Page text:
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Dating startup uses controversial / questionable science to help you find your soul mate

| | July 24, 2015

In honor of Valentine’s Day, Nazuki Andoh, 37, and Jesse Gronwall, 30, received a small kit in the mail. It contained two test tubes, which the couple spit in, packed up in a prepaid envelope, and shipped away. Weeks later, they received a 30-page report called “Your Love Manual,” which delivered an in-depth explanation of their biochemistry and psychological make-up, as well as the pleasing result that they were 73.5 percent romantically compatible.

The kit, created by a Toronto-based startup called Instant Chemistry, helps couples understand the science behind their attraction. Its founder, Ron Gonzalez, had always been fascinated by the applications of genetics in direct consumer testing. Armed with a Ph.D. in neuroscience, he realized he didn’t want to spend his life studying medical diseases. Instead, Gonzalez ventured into the dating industry, launching Instant Chemistry in 2013.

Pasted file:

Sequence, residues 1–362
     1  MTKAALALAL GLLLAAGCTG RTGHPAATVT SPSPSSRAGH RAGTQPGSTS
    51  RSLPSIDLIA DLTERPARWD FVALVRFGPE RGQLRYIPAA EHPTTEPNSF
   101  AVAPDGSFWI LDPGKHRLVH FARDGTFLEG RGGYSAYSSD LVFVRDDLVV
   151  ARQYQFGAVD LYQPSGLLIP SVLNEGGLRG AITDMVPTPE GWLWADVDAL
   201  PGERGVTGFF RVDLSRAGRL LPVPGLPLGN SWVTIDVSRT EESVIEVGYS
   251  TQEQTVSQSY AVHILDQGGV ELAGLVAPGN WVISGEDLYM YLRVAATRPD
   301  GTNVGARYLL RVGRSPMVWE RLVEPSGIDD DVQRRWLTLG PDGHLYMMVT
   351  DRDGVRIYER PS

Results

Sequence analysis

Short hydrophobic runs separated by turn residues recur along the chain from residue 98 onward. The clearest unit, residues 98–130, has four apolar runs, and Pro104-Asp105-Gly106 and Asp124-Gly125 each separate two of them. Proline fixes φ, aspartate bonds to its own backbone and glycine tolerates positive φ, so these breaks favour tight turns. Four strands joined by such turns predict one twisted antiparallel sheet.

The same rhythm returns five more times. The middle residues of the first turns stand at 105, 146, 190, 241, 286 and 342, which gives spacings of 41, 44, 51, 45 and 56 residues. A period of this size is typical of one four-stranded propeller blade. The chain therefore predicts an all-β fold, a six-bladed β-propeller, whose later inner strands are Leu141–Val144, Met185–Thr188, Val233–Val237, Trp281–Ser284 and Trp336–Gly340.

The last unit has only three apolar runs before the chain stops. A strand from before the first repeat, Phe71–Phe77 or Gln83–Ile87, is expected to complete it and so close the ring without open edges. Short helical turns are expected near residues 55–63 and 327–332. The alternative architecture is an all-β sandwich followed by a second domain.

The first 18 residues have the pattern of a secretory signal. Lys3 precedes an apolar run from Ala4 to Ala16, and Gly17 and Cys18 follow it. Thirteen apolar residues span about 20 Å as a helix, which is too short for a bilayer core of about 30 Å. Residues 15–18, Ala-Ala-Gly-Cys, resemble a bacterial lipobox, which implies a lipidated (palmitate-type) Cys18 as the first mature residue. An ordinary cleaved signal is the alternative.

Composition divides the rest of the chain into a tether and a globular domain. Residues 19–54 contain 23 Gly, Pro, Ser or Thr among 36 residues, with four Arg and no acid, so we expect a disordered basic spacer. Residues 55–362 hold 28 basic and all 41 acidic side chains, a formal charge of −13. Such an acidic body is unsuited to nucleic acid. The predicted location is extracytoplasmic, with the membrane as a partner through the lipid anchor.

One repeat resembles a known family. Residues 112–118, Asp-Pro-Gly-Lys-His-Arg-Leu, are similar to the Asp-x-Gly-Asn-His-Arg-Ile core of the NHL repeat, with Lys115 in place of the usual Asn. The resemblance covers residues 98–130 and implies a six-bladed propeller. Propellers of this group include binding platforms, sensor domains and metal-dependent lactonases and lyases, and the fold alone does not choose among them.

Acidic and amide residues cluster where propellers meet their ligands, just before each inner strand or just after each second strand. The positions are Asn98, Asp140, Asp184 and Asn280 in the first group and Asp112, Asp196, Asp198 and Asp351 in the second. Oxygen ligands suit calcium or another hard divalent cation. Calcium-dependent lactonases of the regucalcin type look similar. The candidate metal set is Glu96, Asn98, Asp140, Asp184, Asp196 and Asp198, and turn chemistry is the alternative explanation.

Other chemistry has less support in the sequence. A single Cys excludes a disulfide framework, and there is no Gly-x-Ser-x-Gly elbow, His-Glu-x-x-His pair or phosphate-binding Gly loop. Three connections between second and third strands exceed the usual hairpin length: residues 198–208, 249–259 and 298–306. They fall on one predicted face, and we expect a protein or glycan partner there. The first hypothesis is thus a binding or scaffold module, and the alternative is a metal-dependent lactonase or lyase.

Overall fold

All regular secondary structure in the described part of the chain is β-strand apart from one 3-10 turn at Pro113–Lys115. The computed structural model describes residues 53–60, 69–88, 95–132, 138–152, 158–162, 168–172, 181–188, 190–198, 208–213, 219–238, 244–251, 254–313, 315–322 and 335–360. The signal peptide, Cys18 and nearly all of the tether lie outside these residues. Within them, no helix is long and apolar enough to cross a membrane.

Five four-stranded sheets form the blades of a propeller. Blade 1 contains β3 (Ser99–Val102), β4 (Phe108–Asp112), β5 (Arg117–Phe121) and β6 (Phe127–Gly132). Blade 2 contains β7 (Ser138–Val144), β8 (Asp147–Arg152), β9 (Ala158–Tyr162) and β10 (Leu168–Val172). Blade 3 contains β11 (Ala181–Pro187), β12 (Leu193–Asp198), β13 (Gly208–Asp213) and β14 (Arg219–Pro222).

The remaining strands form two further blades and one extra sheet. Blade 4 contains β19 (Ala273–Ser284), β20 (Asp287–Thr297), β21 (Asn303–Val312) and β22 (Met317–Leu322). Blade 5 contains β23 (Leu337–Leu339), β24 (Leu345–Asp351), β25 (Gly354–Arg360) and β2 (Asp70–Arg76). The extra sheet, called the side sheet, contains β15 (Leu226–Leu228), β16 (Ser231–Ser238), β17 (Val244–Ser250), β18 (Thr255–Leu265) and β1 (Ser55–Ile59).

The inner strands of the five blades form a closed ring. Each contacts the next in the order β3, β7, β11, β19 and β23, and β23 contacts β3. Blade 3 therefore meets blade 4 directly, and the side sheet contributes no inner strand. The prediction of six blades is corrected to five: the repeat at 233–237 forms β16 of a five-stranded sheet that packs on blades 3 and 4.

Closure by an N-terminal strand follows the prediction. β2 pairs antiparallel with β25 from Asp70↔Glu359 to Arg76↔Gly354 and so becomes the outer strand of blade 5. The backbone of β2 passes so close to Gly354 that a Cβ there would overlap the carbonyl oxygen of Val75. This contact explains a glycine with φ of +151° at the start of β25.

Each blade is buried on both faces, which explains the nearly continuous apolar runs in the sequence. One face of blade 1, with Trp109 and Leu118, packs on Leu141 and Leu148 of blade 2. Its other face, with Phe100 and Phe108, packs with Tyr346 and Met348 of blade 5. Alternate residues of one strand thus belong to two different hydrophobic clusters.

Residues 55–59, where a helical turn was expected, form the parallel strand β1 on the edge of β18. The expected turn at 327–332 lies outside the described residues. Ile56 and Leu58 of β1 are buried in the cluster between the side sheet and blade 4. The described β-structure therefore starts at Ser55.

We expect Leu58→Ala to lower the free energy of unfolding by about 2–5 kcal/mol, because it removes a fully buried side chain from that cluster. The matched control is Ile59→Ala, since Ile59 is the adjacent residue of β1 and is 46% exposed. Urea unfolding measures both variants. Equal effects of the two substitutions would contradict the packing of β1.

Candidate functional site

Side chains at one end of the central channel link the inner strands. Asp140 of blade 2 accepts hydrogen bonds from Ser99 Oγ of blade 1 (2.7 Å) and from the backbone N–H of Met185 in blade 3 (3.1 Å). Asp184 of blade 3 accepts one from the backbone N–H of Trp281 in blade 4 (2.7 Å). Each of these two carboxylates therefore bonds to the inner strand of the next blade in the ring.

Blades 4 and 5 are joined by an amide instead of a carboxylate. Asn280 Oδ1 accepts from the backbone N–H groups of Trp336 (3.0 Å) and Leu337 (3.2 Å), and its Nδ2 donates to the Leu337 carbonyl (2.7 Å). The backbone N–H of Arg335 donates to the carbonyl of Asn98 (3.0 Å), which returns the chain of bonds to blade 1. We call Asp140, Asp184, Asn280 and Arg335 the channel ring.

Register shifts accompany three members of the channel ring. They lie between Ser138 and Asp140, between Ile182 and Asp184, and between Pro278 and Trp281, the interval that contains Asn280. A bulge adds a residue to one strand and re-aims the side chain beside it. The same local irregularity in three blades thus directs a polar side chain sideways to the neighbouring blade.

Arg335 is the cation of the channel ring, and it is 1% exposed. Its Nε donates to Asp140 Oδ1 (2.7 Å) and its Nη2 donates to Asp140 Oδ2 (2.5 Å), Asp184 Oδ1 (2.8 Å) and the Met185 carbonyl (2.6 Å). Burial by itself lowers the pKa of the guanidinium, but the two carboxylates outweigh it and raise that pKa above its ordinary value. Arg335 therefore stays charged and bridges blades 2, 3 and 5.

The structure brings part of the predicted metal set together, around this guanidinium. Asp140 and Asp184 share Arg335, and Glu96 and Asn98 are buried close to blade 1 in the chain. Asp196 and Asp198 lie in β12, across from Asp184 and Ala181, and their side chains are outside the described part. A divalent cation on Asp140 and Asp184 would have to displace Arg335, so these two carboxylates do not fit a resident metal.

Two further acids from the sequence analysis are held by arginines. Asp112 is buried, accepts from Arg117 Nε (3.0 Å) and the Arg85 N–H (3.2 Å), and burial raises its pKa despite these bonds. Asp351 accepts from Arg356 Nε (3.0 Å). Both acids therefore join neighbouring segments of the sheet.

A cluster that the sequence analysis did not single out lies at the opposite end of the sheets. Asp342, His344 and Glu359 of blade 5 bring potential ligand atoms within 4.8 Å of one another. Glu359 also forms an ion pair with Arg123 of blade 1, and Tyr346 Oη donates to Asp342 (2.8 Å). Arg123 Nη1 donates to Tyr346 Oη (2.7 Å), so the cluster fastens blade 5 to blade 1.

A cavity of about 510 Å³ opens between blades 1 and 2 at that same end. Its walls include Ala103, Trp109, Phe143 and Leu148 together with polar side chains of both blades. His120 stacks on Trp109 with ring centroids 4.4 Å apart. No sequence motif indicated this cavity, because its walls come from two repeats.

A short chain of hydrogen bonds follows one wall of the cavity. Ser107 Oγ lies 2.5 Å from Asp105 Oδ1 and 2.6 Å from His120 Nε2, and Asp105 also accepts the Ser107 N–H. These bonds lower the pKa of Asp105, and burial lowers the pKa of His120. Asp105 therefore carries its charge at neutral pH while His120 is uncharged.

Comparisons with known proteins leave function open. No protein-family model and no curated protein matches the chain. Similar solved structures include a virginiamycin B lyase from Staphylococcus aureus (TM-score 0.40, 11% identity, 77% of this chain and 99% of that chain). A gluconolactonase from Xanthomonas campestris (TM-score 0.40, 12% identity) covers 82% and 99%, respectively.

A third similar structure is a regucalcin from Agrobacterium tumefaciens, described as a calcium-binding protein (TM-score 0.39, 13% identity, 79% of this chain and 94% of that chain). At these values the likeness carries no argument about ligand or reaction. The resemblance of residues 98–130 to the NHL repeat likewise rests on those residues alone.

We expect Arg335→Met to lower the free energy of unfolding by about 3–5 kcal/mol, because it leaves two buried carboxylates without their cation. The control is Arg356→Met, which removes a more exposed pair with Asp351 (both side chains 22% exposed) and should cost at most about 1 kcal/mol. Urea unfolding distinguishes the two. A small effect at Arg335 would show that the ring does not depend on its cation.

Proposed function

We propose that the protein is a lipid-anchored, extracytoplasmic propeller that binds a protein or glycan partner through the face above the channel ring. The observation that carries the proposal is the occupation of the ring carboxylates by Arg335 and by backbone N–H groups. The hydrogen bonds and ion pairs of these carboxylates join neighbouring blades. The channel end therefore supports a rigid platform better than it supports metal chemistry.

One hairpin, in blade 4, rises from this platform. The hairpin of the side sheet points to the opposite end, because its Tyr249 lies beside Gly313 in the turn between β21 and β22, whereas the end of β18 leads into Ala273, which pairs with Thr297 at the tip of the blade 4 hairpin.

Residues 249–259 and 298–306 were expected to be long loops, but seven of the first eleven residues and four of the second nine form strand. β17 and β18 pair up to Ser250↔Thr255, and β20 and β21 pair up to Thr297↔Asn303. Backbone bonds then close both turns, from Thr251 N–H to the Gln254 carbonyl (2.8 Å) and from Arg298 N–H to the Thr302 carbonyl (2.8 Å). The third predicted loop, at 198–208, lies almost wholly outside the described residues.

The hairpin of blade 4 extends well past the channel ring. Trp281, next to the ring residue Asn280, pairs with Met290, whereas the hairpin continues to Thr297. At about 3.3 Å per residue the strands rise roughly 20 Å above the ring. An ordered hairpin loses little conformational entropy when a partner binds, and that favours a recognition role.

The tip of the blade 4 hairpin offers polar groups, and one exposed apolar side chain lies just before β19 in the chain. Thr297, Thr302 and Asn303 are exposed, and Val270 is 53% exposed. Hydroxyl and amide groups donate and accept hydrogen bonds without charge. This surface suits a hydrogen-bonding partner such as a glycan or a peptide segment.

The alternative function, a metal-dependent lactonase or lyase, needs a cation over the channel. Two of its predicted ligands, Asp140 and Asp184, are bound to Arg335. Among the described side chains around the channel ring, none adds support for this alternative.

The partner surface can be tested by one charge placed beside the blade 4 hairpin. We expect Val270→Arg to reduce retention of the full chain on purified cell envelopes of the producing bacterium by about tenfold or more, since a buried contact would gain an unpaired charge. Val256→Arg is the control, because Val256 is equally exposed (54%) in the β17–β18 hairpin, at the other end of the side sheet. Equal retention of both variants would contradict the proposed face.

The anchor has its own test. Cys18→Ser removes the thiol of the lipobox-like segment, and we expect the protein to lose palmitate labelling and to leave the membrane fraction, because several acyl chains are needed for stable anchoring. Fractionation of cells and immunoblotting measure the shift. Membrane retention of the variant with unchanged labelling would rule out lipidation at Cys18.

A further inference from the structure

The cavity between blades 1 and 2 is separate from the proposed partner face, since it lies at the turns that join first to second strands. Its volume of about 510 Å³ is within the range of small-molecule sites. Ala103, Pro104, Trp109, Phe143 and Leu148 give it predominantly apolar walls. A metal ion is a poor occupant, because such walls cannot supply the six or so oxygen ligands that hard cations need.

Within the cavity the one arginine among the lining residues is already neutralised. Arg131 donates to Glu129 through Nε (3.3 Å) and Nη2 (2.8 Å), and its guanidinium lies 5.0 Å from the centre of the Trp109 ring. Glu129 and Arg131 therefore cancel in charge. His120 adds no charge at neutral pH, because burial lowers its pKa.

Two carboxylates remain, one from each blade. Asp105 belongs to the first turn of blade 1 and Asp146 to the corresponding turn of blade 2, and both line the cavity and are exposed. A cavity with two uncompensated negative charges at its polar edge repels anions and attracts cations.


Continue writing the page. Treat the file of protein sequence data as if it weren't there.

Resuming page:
The science behind it is quite interesting—for example, studies have shown that differences in one’s immune system cause people to become more attracted to one another, and people can subconsciously detect these differences through scent. “Our body odor is largely determined by the bacteria that grow on our skin,” said Gonzalez. “The HLA immune system genes control what bacteria is allowed to grow on our skin, so when you smell someone, you are smelling how their immune systems works.” Even when people wear perfume or cologne to mask this scent, the HLA genes can be detected in taste. “When someone kisses you, they are indirectly sensing these immune system genes,” said Gonzalez.

The GLP aggregated and excerpted this blog/article to reflect the diversity of news, opinion and analysis. Read full, original post: Meet The Startup That Wants To Calculate Your Romantic Chemistry Through Genetics

The GLP aggregated and excerpted this article to reflect the diversity of news, opinion, and analysis. Click the link above to read the full, original article.
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